Getting around the Salem area is fast and convenient on a modern, well maintained infrastructure of roads, bridges, highways and freeways. Set at the crossroads of I-5 and State Highway 22, whether you’re headed near or far, north or south, east or west, Salem offers easy access no matter where your travels take you.Salem is served by Portland International Airport (PDX), about a forty-five minute drive north on the I-5 where 17 carriers provide flights to practically anywhere you choose to travel around the globe including many non-stops to top domestic and international destinations. There are a wide range of ground transportation options including the PDX Shuttle Service transporting riders between Salem and Portland International Airport in 90 minutes. Closer to home, McNary Field/Salem Municipal Airport just off the I-5 approximately 2 miles southeast of Downtown Salem, serves private planes and helicopters. The superb public transportation system is known as Cherriots with bus routes connecting all areas of the city from Salem proper to West Salem to the surrounding communities. The main transit mall is located in Downtown’s Courthouse Square where 22 lines converge. Covered pedestrian walkways connect all buses to the comfortable waiting room and customer service counter. Travel is even free inside the Downtown Salem/Capital Mall area bounded by Mission, Front, Union and 12th Streets. Known as the Fareless Square, it’s ideal for riders heading from the Capital area to downtown for lunch as well as shoppers who want to get around downtown. Travel is also fare-free into West Salem on the West Salem/Downtown Shuttle connecting the Courthouse Square Transit Mall with the Glen Creek Transit Station and the five bus routes that serve West Salem. Amtrak’s Cascades and Coast Starlight routes, two of the most scenic train lines in the nation, stop in Salem. The Coast Starlight runs from Portland to Los Angeles passing through Eugene, Sacramento, Oakland/San Francisco, San Jose and Santa Barbara. The breathtaking scenery along the Coast Starlight route is unparalleled featuring snow-covered mountains, dense forests, fertile valleys and long stretches of Pacific Ocean. The Amtrak Cascades run from Eugene to Vancouver, British Columbia, transporting riders through the majesty of the Pacific Northwest on sleek European-designed trains known as Talgos. Greyhound Bus also maintains a fully staffed depot in Downtown Salem.

A Brief History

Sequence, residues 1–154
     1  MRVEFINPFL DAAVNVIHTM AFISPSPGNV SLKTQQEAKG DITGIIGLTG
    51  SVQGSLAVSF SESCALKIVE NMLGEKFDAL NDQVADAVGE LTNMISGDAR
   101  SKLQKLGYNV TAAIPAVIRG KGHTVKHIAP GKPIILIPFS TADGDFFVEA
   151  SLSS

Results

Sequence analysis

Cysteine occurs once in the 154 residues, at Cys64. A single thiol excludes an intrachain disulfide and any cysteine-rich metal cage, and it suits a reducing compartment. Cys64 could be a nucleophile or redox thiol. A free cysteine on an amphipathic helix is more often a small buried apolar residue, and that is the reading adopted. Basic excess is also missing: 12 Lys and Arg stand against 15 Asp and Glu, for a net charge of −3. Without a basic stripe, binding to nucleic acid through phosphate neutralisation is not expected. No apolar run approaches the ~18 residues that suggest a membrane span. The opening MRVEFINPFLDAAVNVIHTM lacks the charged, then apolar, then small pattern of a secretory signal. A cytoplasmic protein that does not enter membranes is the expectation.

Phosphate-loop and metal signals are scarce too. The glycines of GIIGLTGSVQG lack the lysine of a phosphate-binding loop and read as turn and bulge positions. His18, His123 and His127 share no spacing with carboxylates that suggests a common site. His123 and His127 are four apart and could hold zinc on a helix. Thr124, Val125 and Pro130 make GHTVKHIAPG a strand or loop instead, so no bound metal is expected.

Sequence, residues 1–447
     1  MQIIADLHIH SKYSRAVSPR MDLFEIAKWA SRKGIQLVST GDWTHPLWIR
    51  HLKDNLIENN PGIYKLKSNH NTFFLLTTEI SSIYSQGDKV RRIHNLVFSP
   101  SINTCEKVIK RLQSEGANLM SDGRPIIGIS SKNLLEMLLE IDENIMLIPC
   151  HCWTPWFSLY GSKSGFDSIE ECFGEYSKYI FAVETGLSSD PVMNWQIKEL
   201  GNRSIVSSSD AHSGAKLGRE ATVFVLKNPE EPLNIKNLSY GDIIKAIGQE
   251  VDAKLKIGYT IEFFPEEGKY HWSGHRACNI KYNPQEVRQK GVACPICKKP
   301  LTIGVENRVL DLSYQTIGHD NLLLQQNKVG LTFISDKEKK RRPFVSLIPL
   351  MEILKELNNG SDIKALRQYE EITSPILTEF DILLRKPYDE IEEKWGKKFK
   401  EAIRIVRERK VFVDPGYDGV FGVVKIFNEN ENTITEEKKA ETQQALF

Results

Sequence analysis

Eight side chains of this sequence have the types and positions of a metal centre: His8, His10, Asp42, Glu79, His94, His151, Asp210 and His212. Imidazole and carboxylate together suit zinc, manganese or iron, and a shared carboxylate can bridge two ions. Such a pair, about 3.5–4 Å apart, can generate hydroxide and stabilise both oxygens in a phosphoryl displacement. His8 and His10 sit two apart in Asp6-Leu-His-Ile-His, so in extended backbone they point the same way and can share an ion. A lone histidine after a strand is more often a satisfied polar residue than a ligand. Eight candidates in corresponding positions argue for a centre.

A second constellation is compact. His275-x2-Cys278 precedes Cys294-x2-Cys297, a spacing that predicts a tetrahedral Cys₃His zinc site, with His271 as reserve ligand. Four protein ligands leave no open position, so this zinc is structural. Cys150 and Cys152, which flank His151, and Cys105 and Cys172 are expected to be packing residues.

Native Americans known as the Kalapuya began inhabiting the Willamette Valley about 10,000 years ago, harvesting roots and berries and hunting game. The Indian name for the locality was “Chemeketa” said to mean, “meeting or resting place.”Trappers arrived in the early 1800’s and some turned to farming the fertile soil. In 1834, missionary Jason Lee came to minister to the Native Americans. In 1841, the Jason Lee Mission was moved from the Willamette River to Mill Creek where his group of pioneers built a sawmill and gristmill. In 1842, they founded the first institution of learning west of the Rockies, the Oregon Institute, which is now known as Willamette University. Shortly afterwards, the U. S. government made treaties with the Kalapuyas, whose population had been declining since the 1780’s due to disease and the loss of their traditional ways. The treaties required the Kalupuyas to move onto reservations in the coastal range leading to a surge of settlement that began starting in 1843 when thousands of settlers traveled overland on the Oregon Trail hoping to start a new life in the fabled Willamette Valley, acclaimed in the East as a new Garden of Eden. Salem was laid out after the Lee’s mission dissolved in 1844, taking its name from an anglicized form of the Hebrew word “shalom” meaning peace. The Donation Land Law promised 320 acres of free land for each resident. Fleeing the economically depressed Mississippi, Missouri and Ohio River valleys, many of the pioneers came with their families to start a better life in a healthier climate. Farms were established, trees planted and roads to the mountains and through the passes were carved out. Religious leaders arrived to provide comfort and counsel to settlers.When gold was discovered in California in 1848, the Willamette Valley provided wheat, timber and goods shipped by steamboat on the rivers to Portland and then to California. Salem was among the towns that profited woolen and flourmills, businesses and housing along a broad river terrace. Salem became a place of clapboard houses instead of primitive log cabins. By 1864, Salem was declared the Oregon State Capital and its destiny as a city of note was sealed. The telegraph arrived in 1864 followed by train service from Portland in 1870. In 1886 the first bridge across the Willamette River was constructed and by the 1880’s the town boasted all the civic institutions necessary to ensure law and order. Churches were established and stately public buildings constructed including a state capital building. Tree-lined streets and parks were added and stately mansions were built including the magnificent Italianate Victorian, home of Asahel Bush II, founder of the first newspaper and bank in Salem.Literary, natural history, musical and fraternal organizations were formed. The Reed Opera House featured Shakespearean plays and concerts. Outdoor enthusiasts enjoyed fishing, hunting, and sailing. Families traveled up the Santiam canyon to picnic in the woods along the river. Other than the fact that the Reed Opera House has been transformed into a retail destination with shops and restaurants, very little has changed and town residents still enjoy all those activities today. In Salem, the past remains present in the quality of life that has remained constant throughout the city’s history.The current Oregon capitol building erected in Salem in 1938 after devastating fire twice destroyed previous structures stands in the heart of the city, testament to a future that remains as bright as the past. One of the most beautiful capitols in the nation, the four story white marble building with its Modern Greek style architecture is surrounded by a stately park and the main entrance contains a rotunda 106 feet in height plus large murals depicting Oregon history.Since the 1900’s, Salem has diversified its agricultural economy to include hops, berries, fruits, flowers and grass seed extending its trade by shipping products around the world. The lumber industry remains a factor in Salem’s economy and in recent years tourism and high-technology has grown important. State government however remains the lifeblood of the local economy, representing the largest employer in the city. Today’s Salem is the second largest city in Oregon, with a population of 140,000 people.